A Riverside, California, family is suing the state and maker of a guardrail system installed in San Diego County, saying they believe their son would still be alive if he hadn’t crashed into the guardrail end piece.
NBC 7 Investigates found the family wasn’t alone in their loss, and that the specific guardrail system was identified in several fatal accidents nationwide.
On Feb. 17, 2018, Sergio Martinez Sr. said his sons Gonzalo Martinez and Sergio Martinez Jr. were on their way to a surprise birthday party when they crashed into a guardrail along Interstate 8 near Jacumba.
According to the California Highway Patrol’s investigation, the car’s computer data said Gonzalo Martinez, 22, was driving five miles over the speed limit when he swerved off the freeway and into 60-feet of guardrail posts before coming to a stop.
The San Diego County Medical Examiner found Gonzalo Martinez died instantly from blunt force injuries to his head. His brother, Sergio Martinez Jr., survived the crash.
CHP Investigators identified the guardrail system that speared through the brothers' car as an “X-Lite end terminal,” manufactured by Lindsay Transportation Solutions.
Since 2016, NBC 7 found at least nine people died nationwide after they crashed into the end piece of an X-Lite guardrail.
But the guardrail’s maker told NBC 7 the equipment passed federal evaluations and the guardrail has done the opposite of harming lives.
In a statement to NBC 7 Investigates, a spokesperson for the manufacturer writes:
“The Federal Highway Administration (FHWA) has examined and re-examined the X-Lite and its in-service performance and has gathered input from state departments of transportation across the country. In FHWA's evaluations, the X-Lite has performed consistently with other end terminals on U.S. roads and highways."
“The X-Lite end terminal has saved lives and reduced the number and severity of injuries sustained from automobile accidents,” the spokesperson added.
Across the country, states including California have started proactively replacing X-Lite end terminals. Earlier this year, Caltrans announced it would replace all 804 X-Lite systems installed on highways and freeways, including in San Diego County.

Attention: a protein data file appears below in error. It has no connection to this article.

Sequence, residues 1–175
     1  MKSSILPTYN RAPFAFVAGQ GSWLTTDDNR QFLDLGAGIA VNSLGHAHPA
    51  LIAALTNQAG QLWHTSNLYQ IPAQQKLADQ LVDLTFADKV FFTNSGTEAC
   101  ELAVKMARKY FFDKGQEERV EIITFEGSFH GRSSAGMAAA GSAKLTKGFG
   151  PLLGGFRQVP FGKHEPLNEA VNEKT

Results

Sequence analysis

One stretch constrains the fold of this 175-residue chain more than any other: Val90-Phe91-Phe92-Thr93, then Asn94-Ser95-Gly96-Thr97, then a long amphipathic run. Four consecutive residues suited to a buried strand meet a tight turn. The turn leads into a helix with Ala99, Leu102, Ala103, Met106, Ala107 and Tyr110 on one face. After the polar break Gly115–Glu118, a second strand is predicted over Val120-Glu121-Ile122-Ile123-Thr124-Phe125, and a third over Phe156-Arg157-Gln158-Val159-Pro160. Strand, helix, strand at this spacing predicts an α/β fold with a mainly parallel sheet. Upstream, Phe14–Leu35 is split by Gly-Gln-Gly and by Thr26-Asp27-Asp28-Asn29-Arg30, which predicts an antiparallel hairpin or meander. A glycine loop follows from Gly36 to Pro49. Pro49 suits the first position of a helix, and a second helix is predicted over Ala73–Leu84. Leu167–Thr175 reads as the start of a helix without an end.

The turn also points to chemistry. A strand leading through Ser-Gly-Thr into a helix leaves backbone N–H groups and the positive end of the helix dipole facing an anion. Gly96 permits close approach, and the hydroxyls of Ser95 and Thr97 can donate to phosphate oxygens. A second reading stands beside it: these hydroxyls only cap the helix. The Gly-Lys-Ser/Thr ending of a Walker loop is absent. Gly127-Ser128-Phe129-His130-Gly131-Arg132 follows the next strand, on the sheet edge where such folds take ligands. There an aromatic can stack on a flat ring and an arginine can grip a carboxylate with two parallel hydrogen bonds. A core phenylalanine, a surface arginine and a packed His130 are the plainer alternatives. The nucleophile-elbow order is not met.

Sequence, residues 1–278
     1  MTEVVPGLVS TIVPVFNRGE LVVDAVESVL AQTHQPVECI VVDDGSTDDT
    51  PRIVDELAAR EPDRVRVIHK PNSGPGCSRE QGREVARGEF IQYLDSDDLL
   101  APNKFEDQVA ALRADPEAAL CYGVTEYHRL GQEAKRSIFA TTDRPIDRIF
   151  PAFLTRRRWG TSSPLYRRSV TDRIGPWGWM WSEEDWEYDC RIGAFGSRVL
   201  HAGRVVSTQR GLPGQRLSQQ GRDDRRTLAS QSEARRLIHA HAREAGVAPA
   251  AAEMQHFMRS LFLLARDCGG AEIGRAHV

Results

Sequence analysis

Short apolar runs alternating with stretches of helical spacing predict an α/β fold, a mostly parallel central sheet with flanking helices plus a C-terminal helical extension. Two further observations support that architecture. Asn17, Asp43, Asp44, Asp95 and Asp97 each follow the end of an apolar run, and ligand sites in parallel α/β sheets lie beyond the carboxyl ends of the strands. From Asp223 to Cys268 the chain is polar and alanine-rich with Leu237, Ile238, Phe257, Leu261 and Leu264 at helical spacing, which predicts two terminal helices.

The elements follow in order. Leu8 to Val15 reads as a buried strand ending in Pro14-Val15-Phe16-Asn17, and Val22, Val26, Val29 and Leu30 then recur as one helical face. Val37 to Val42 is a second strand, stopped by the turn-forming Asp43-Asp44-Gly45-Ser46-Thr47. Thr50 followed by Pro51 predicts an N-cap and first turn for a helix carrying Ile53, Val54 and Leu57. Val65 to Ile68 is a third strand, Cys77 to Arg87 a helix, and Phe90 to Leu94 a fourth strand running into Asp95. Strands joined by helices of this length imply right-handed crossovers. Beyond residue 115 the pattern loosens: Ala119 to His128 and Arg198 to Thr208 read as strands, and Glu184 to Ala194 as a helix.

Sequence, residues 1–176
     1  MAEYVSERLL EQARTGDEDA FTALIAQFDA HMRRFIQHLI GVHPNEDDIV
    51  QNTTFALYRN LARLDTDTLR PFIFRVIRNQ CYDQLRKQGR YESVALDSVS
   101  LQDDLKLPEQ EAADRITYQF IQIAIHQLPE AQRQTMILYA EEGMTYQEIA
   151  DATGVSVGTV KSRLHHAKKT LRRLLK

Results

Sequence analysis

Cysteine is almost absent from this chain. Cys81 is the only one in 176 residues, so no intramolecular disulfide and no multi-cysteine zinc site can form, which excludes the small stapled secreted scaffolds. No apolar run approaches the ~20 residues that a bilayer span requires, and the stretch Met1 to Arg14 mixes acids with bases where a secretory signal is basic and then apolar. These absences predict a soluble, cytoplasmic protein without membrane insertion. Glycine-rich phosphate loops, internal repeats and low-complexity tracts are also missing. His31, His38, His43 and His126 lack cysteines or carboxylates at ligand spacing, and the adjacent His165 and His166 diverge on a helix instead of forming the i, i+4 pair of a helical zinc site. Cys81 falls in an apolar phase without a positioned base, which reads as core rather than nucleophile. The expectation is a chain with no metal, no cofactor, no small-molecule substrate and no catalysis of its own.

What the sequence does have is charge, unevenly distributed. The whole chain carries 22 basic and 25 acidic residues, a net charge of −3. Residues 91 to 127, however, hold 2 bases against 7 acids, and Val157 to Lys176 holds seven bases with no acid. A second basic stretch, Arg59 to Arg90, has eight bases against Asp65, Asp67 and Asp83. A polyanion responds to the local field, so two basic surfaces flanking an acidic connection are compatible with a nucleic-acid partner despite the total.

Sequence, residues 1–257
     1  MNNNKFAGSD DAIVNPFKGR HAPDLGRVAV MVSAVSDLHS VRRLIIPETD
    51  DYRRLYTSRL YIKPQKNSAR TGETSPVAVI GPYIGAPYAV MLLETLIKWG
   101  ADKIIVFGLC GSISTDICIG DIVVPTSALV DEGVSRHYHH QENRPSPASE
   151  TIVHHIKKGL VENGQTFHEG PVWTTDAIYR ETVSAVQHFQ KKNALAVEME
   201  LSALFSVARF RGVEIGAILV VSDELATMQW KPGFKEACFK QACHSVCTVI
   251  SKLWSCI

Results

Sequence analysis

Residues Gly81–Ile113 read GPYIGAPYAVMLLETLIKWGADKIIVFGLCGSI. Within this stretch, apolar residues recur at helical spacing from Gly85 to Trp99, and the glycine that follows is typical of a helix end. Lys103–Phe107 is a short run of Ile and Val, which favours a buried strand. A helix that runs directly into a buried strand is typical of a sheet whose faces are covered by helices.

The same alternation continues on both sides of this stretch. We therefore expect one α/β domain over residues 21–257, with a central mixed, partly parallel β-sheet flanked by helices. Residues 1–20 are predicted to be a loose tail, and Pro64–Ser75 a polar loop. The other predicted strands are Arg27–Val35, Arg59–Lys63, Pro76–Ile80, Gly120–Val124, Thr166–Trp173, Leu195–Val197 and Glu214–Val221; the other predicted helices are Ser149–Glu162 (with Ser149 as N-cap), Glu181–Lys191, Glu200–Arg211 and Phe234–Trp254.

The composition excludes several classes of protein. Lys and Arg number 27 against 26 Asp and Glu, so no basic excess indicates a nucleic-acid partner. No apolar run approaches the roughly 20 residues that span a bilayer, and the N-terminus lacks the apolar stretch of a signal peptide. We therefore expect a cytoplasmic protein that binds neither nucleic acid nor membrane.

A Caltrans spokesperson would not comment on the lawsuit but said the work to replace these guardrails coincidentally started on Monday, six days after the lawsuit was filed by the Martinez family.
The spokesperson said three end terminals were replaced and state officials had about 150 left to go in San Diego County.
But even with the replacement work underway, Sergio Martinez Sr. told NBC 7 in an interview last August that he believed the state could have taken the proactive step much earlier.
“If they knew they got problems with it, why didn't they fix it?” he said. “I don't want nobody else to go through this.”
On Aug. 20, 2019, the Martinez family filed a lawsuit against Lindsay Transportation Solutions and Caltrans for negligence.
Lindsay Transportation Solutions has not responded to the lawsuit in court. In a statement to NBC 7, a spokesperson said guardrails cannot prevent all the potential risks on the road.
“Road safety hardware, such as guardrail end terminals, are designed to reduce the risk of hitting potentially dangerous hazards such as utility poles, steep embankments, and other unyielding objects, but they cannot eliminate all the risks involved when a driver makes an unintended exit from the road,” the statement said.